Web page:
North Korea has periodically asserted its need for a
nuclear deterrent since the Korean War, when the United States
threatened to use nuclear weapons against it. Although North Korea
joined the Treaty on the Non-Proliferation of Nuclear Weapons (NPT) as a
non-nuclear weapon state in 1985, Pyongyang announced its decision to
withdraw from the NPT in 2003, having apparently used membership in the
treaty as a façade while it covertly developed a nuclear weapons
program. Pyongyang's long-standing nuclear weapons efforts culminated in
nuclear tests in 2006, 2009, and 2013.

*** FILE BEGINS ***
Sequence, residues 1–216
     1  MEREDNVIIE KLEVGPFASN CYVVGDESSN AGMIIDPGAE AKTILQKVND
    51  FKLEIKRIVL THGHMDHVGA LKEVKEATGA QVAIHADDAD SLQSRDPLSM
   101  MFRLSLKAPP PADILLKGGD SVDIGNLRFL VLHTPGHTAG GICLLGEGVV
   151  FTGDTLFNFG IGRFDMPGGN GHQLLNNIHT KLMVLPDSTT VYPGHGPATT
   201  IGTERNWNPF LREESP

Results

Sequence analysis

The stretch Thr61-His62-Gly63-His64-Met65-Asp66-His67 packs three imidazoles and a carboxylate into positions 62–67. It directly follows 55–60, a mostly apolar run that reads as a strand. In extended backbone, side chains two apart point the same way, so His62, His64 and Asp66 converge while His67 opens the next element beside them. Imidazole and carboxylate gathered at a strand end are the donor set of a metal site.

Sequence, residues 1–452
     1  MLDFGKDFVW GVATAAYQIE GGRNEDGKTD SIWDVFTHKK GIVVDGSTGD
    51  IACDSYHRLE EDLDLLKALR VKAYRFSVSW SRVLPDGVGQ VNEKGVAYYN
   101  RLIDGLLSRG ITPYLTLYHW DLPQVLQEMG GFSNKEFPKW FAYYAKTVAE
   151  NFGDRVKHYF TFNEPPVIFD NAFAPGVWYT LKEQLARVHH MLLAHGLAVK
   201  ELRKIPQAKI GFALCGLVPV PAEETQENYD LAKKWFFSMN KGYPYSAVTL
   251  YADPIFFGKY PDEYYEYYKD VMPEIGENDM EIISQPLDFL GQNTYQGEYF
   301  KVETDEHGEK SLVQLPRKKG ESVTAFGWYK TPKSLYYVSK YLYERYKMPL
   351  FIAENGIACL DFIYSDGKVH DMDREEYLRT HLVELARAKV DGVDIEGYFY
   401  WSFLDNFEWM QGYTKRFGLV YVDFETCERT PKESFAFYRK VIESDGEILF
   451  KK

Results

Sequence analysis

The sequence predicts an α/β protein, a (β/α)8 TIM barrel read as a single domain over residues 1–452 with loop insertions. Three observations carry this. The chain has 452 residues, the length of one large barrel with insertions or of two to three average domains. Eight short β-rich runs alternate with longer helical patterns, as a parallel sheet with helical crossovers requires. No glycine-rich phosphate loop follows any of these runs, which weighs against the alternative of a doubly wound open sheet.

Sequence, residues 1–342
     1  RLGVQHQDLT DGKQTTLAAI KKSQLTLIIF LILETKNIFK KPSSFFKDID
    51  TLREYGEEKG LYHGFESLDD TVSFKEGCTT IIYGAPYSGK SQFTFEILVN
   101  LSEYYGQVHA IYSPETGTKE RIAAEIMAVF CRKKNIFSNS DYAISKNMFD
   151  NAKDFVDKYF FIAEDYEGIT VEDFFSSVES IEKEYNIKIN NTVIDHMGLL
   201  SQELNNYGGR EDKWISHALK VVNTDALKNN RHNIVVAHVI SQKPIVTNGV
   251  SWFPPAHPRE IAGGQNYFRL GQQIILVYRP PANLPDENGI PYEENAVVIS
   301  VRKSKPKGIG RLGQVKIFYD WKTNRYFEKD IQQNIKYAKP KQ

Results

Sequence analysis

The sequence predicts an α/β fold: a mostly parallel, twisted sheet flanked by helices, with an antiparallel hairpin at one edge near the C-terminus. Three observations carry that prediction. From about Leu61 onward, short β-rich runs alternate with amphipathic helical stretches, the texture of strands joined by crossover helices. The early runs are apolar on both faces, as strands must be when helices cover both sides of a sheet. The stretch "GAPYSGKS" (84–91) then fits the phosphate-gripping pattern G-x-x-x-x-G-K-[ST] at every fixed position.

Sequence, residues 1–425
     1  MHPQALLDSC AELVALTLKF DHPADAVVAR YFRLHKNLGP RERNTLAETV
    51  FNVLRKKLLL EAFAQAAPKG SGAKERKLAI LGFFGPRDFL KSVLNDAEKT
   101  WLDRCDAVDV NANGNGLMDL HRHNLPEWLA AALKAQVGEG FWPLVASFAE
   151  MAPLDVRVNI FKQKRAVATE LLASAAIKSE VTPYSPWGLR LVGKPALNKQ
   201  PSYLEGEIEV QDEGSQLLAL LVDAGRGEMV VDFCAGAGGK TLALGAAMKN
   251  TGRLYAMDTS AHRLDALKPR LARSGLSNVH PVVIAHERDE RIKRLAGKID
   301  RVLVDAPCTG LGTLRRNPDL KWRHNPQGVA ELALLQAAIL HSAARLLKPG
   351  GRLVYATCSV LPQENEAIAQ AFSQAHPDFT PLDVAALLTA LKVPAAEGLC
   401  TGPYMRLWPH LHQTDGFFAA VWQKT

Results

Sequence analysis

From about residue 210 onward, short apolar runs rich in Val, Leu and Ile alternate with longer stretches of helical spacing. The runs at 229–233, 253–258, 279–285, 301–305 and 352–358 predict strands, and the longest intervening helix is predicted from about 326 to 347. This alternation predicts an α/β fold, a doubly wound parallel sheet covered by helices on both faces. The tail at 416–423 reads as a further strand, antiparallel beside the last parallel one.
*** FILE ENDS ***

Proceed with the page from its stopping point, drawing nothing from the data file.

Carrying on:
The UN Security Council has issued a series of sanctions against North Korea's nuclear program, including Resolution 1695, Resolution 1718, Resolution 1874, and Resolution 2087. The Six-Party Talks between North Korea, South Korea, Japan, China, Russia, and the United States began in 2003 with the goal of denuclearizing the Korean Peninsula. However, these talks have been suspended since April 2009. Tensions have continued to rise since North Korea torpedoed the South Korean naval ship, the Cheonan, and shelled the island of Yeonpyeong in 2010. North Korea possesses full nuclear fuel cycle capabilities, including a presumed basic capability to enrich uranium, although the functionality of its centrifuges has not yet been substantiated to the outside world. North Korea is building a small light water reactor (LWR) at Yongbyon, which will be fueled by the enriched uranium after it is completed.